‘Foolish, but no fool: Boris Johnson and the art of politics’ | M. Flinders- Oxford University Press’s Blog

‘Foolish, but no fool: Boris Johnson and the art of politics’ | M. Flinders- Oxford University Press’s Blog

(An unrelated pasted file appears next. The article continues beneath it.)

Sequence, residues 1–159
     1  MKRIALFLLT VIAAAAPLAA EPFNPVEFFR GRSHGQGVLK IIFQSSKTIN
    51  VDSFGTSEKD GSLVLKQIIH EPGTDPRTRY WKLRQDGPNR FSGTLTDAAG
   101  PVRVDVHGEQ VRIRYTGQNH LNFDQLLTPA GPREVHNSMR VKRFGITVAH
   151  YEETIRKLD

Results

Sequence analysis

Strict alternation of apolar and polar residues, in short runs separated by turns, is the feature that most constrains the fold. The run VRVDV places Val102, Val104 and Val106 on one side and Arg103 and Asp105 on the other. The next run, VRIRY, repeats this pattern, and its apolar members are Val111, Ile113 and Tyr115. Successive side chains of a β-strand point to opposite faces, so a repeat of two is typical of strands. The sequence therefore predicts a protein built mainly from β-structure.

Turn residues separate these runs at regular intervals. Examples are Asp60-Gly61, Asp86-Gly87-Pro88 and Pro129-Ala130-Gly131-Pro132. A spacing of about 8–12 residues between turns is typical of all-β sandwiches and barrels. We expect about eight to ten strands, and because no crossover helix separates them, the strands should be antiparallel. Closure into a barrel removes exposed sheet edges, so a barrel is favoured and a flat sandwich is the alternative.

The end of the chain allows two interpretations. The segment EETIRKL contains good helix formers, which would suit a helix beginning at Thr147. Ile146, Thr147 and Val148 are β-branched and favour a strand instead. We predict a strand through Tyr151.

Charisma is, as Max Weber famously argued, a critical element of political leadership despite the fact that it is almost impossible to measure, define or quantify. The simple fact is that – like him or loathe him – Boris Johnson is charismatic. I remember watching him address a large public audience in Bromley during the summer of 2010 as part of the Mayor of London’s ‘Outreach’ initiative. What was immediately striking was the manner in which he captivated the audience. They were entranced to the extent that strident political opponents seem disarmed by his rhetoric, energy, and emotion. He knew how to play the audience like a conductor on a podium, and play them he did. Yet, charisma on its own is not enough, and just as Machiavelli argued that a true leader needed the strength of a lion and the cunning of a fox, so too must charisma be matched by guile.

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